Canva acquires Affinity, further wounding a regulator-bruised Adobe

Yet another reason to reconsider that overpriced Creative Cloud subscription

Canva is stepping up its competition with Adobe for creative software dominance with the acquisition of popular creative software suite Affinity.

Australian outfit Canva said in a blog post today that it is picking up UK-based Serif, the company behind Affinity, and its entire 90-person team. Terms of the deal weren't disclosed in Canva's statement, but co-founder and COO Cliff Obrecht told Bloomberg the cash-and-stock deal was worth "several hundred million pounds."

"From sales and marketing, to brand and creative teams, the need to create effective and engaging visual content is on the rise," Obrecht said in a statement. "The Affinity team comes with an incredible caliber of talent and technology and we're delighted to welcome them to Canva as we enter our next phase together."

Canva describes its suite of online design software as being built for "the 99 percent of knowledge workers without design training," and said the acquisition of Affinity will enable the combined company to appeal to professional designers as well.

"With Affinity, professional designers have access to everything they need at an affordable price and without the complexity of traditional design tools," Canva said. "Together, we're excited to turn their movement into a revolution."

What the future of the two companies looks like isn't immediately clear, and Canva tells us it will share more about how both will be marketed (be it under a combined brand or separately) in the coming months.

That said, we did get a peek at how Canva sees Affinity's products as complementary to its own. "The idea is for users to be able to craft with Affinity and scale through Canva; professional designers can make templates, vectors and illustrations for a whole organization to use," a Canva spokesperson told The Register.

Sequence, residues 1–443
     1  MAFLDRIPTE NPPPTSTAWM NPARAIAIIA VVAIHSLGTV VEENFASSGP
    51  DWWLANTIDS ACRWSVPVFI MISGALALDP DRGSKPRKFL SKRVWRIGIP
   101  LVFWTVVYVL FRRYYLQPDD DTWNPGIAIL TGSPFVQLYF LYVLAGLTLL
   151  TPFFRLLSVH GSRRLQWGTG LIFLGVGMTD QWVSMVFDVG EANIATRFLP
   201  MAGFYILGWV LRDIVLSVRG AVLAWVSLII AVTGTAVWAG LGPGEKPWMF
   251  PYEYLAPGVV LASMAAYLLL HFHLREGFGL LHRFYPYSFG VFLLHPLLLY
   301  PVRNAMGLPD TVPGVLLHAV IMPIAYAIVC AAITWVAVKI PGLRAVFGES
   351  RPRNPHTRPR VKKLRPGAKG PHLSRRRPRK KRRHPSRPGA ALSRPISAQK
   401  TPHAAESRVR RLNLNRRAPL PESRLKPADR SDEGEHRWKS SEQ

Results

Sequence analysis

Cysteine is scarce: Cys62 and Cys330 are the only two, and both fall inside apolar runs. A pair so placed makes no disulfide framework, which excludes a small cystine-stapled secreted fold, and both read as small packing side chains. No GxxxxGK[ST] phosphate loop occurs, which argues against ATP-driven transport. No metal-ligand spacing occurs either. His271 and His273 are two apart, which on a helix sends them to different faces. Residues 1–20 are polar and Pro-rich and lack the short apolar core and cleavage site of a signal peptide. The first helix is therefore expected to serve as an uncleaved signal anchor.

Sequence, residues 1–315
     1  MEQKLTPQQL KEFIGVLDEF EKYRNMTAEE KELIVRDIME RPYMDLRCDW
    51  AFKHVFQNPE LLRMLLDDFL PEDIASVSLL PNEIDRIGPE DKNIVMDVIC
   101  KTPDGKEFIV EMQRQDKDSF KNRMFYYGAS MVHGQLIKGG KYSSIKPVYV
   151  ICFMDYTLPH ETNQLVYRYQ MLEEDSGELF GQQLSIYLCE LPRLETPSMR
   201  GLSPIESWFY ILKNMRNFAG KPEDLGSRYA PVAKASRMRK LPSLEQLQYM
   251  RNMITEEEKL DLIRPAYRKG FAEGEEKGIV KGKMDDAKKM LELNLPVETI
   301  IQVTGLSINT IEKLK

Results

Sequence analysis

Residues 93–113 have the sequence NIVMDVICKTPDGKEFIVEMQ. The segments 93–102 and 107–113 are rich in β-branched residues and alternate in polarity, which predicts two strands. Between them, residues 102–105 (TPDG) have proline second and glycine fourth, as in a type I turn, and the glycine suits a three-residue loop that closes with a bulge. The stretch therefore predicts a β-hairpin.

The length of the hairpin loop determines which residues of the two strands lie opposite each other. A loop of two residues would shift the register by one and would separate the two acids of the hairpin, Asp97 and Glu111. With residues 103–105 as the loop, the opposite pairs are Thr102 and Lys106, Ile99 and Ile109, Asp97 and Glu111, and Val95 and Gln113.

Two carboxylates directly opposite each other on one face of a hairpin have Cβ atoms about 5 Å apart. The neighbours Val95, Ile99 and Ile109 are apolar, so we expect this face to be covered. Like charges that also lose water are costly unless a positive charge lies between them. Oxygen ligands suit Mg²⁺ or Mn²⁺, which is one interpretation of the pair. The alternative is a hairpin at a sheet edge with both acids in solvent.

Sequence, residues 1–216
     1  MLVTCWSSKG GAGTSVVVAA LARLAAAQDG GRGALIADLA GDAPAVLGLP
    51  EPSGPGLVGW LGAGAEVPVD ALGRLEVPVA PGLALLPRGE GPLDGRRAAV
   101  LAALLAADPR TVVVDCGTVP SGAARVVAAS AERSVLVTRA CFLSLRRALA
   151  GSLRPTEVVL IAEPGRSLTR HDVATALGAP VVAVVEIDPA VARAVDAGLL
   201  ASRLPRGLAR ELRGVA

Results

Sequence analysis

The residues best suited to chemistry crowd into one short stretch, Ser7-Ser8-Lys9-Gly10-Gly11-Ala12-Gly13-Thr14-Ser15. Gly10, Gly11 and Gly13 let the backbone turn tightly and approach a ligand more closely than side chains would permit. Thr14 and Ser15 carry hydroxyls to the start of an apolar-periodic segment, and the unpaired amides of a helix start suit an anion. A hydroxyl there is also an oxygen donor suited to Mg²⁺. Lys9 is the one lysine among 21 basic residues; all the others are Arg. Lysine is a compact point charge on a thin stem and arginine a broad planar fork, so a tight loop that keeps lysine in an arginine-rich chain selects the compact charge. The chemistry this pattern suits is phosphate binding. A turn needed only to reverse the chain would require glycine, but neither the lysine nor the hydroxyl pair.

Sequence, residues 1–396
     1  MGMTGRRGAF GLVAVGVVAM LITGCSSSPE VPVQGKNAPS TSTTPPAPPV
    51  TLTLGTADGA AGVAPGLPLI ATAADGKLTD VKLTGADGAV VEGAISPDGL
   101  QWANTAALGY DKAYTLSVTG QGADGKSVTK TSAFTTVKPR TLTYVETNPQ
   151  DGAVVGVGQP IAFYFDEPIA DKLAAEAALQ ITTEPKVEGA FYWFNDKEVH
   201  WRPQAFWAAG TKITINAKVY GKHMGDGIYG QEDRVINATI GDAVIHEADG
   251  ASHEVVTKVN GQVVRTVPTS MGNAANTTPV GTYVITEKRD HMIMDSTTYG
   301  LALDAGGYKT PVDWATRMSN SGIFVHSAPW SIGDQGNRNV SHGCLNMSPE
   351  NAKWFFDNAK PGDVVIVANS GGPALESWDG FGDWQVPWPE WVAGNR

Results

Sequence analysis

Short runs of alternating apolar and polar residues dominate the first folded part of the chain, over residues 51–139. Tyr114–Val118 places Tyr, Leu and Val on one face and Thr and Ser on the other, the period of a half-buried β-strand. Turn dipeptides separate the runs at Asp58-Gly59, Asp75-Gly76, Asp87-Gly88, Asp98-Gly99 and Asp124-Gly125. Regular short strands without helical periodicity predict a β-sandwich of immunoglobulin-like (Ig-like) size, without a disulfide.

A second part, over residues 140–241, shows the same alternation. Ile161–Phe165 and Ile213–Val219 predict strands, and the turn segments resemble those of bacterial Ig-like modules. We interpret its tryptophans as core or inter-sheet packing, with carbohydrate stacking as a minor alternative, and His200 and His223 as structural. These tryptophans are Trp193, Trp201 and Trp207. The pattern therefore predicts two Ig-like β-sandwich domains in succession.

More bad news for Adobe?

Adobe hasn't been having a great run as of recently. Late last year it was under investigation by the FTC for making subscriptions too difficult to cancel, which may result in hefty fines. A short time later Adobe abandoned plans to acquire design software company Figma after regulators raised questions, forcing it to shell out $1 billion for terminating the deal.

Adobe stock, which is down more than 12 percent for the year to date, took another hit when OpenAI introduced text-to-video tool Sora, which could make some of its software tools obsolete.

XD, Adobe's product that was put into maintenance mode as the Figma acquisition neared, was also canned for good after the acquisition failed, meaning Adobe has a gap in its offerings – one that could be filled by Canva's web design tool alongside more professional-level design software from Affinity.

To make matters even worse for Adobe, there's the matter of pricing. It's impossible to purchase Adobe's creative suite software without subscribing to Creative Cloud and shelling out at least $22.99 a month for an individual subscription to a single app. A full Creative Cloud subscription, which includes Photoshop, Illustrator, inDesign, and other apps, starts at $59.99 per month. If you want the right to cancel without a fee, both options are considerably more expensive.

Affinity, on the other hand, can be purchased as standalone products, with the company's Designer, Photo, and Publisher tools available for a one-time payment of $114.99. As is often the case when smaller companies release updated versions of their software, upgrading to newer releases is available for a reduced price too.

When asked how it planned to price Affinity software going forward, Canva told us: "There's no changes to the product [Affinity] customers know and love right now."

Likewise, Affinity said it intended to maintain its reputation as a company with affordability at front of mind.

"We've worked tirelessly to challenge the status quo, delivering professional-grade creative software that is both accessible and affordable," said Affinity CEO Ashley Hewson. "Canva's commitment to empowering everyone to create aligns perfectly with those values."

Adobe didn't respond to questions for this story. ®

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